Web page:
Irish Prime Minister Leo Varadkar said he was "surprised and disappointed" on Monday after Britain failed to agree to a draft deal with EU leaders on the status of the Irish border after Brexit.
"I am surprised and disappointed that the British government now appears not to be in a position to conclude what was agreed earlier today," Varadkar said at a press conference in Dublin.
"I accept that the Prime Minister (Theresa May) has asked for more time, and I know that she faces many challenges, and I acknowledge that she is negotiating in good faith," he added.
Britain and the EU failed to strike the Brexit agreement during talks in Brussels on Monday but said they were "confident" of reaching an accord later this week.
May and European Commission President Jean-Claude Juncker fell short of a breakthrough, despite progress on the Irish border.
A deal on that thorny issue had been widely touted Monday morning but failed to materialise amid angry reactions from Northern Ireland's Democratic Unionist Party (DUP), the staunchly pro-British group that helps May's minority government pass legislation in Westminster.
DUP leader Arlene Foster, who held a mid-afternoon phone call with May, had earlier taken to the airwaves after reports emerged of the draft agreement that would give Northern Ireland a different regulatory status from the rest of Britain.
"Northern Ireland must leave the EU on the same terms as the rest of the United Kingdom," Foster, whose party supported Brexit, told reporters in televised comments in Belfast.
"We will not accept any form of regulatory divergence which separates Northern Ireland economically or politically from the rest of the United Kingdom," she said.
Northern Ireland, as part of the United Kingdom, is set to leave the European Union under Brexit while the Republic of Ireland remains an EU member.
Any deal stipulating different regulations for the province from mainland Britain would be a major concession to Dublin's demands for guarantees that the border will remain free-flowing after Brexit.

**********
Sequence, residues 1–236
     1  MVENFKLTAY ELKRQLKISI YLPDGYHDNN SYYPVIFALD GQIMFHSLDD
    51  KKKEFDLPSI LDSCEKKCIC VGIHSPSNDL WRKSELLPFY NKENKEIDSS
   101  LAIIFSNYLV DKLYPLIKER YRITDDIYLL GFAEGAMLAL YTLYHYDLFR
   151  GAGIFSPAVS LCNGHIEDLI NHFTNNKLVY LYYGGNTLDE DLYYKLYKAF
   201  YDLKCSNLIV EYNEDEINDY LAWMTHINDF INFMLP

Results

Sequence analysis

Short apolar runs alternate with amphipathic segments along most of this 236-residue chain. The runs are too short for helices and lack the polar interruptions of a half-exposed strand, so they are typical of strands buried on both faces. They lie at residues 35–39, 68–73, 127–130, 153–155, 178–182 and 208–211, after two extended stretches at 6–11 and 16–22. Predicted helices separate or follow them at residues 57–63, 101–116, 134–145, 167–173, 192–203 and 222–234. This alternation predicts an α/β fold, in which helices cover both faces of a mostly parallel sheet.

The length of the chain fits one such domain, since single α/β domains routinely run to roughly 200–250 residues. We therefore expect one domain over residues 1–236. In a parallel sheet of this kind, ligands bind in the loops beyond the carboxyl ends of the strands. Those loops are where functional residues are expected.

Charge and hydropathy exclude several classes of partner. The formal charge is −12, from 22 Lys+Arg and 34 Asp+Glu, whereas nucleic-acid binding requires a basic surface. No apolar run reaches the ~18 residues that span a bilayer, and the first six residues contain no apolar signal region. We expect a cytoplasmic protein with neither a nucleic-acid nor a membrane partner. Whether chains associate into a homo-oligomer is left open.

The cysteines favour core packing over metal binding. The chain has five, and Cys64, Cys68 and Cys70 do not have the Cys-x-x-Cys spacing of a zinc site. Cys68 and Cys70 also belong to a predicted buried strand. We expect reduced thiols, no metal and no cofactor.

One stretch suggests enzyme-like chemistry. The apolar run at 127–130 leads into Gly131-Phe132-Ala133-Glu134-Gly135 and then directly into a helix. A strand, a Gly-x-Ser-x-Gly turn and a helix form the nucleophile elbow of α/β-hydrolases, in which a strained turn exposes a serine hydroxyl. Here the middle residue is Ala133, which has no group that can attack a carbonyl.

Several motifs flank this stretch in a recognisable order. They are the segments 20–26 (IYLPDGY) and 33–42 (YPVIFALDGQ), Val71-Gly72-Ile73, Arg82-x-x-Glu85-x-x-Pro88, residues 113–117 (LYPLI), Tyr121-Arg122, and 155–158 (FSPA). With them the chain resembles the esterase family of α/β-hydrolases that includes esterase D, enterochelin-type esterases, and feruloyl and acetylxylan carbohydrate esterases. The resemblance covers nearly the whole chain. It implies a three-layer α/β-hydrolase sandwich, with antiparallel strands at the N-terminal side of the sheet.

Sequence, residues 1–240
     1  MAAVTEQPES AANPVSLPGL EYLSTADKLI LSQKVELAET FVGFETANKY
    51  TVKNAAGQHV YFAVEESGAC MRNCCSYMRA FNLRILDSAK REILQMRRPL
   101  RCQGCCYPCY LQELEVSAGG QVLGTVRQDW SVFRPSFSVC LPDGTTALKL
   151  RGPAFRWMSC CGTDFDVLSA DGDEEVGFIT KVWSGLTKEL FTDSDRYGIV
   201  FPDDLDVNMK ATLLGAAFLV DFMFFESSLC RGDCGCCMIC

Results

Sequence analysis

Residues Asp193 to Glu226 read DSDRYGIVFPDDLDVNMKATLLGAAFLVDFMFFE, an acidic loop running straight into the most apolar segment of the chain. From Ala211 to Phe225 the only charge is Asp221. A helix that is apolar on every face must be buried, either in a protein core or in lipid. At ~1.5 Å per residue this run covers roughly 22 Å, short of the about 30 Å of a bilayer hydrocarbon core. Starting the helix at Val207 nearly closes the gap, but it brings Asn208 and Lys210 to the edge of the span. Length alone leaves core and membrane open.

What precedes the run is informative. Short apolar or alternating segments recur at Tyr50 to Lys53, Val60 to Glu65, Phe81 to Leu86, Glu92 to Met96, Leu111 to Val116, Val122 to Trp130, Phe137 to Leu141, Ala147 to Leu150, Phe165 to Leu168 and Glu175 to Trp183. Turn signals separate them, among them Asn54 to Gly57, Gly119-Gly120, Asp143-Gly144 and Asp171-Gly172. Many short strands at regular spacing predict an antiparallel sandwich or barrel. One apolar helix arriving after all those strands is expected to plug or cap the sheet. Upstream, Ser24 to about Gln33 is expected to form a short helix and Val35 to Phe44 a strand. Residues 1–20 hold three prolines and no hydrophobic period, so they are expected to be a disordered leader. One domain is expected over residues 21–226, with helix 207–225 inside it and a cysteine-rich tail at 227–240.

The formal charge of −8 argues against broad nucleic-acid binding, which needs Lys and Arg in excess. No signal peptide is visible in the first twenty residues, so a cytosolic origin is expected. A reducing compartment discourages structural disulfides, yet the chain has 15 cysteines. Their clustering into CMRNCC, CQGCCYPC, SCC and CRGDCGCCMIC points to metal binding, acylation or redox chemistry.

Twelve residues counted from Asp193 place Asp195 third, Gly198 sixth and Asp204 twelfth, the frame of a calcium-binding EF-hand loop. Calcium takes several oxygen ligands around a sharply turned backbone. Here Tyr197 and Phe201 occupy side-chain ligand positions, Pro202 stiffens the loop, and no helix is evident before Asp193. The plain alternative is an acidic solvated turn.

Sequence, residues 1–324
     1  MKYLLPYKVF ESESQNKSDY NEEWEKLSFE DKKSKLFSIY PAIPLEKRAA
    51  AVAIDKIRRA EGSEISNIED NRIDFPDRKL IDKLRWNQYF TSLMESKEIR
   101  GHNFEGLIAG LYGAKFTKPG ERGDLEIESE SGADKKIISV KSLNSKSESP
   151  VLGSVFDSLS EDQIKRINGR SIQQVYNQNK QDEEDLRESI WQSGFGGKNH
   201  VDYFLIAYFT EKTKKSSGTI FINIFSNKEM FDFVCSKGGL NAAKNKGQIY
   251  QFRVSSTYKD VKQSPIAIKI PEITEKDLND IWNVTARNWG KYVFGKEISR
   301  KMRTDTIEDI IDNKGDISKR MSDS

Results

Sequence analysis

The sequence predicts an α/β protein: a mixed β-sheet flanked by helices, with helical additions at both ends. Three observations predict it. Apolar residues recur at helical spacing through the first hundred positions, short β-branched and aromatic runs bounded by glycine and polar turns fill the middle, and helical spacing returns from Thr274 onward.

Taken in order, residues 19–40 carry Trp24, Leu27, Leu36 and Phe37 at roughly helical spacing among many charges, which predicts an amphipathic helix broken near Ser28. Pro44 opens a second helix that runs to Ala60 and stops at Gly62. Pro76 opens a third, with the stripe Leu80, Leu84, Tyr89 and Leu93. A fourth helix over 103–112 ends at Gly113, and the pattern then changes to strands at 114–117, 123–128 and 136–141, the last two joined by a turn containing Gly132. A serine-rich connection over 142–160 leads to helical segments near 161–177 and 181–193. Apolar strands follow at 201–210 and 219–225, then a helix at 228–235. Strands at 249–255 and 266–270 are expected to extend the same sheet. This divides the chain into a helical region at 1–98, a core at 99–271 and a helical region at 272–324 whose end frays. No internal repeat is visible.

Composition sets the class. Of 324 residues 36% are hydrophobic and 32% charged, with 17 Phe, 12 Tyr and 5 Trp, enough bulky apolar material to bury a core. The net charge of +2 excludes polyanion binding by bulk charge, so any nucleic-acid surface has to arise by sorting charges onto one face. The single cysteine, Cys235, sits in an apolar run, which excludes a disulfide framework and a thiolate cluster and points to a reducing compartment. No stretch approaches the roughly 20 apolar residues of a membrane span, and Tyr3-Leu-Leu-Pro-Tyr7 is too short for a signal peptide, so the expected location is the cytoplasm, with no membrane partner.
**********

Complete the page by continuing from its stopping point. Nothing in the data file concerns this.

The fate of the proposed border deal now looks uncertain.
Varadkar said he had spoken to Juncker following the failure to reach an agreement "and he has confirmed to me that Ireland's position remains Europe's position".
He added: "I still hope that this matter can be concluded in the coming days as agreed."
The Irish prime minister urged May to listen to other parties in Northern Ireland.
The province voted in the referendum to remain in the EU by an 11-point margin.
"We need to have regard to what all of the parties think in Northern Ireland and also what the majority of people think," he said.
Monday's events also riled other parts of Britain that voted to stay in the EU.
First Minister of Scotland Nicola Sturgeon said she had already put forward detailed proposals for Scotland to remain in the single market, "which were previously rejected by the UK government as unworkable".
"Indeed, if Northern Ireland is effectively kept in the single market it makes it all the more vital for Scotland's national and economic interests that we are too," she said in statement.
Meanwhile leaders of devolved assemblies in Wales, whose population voted narrowly in favour of leaving the EU, and London made similar arguments on Monday.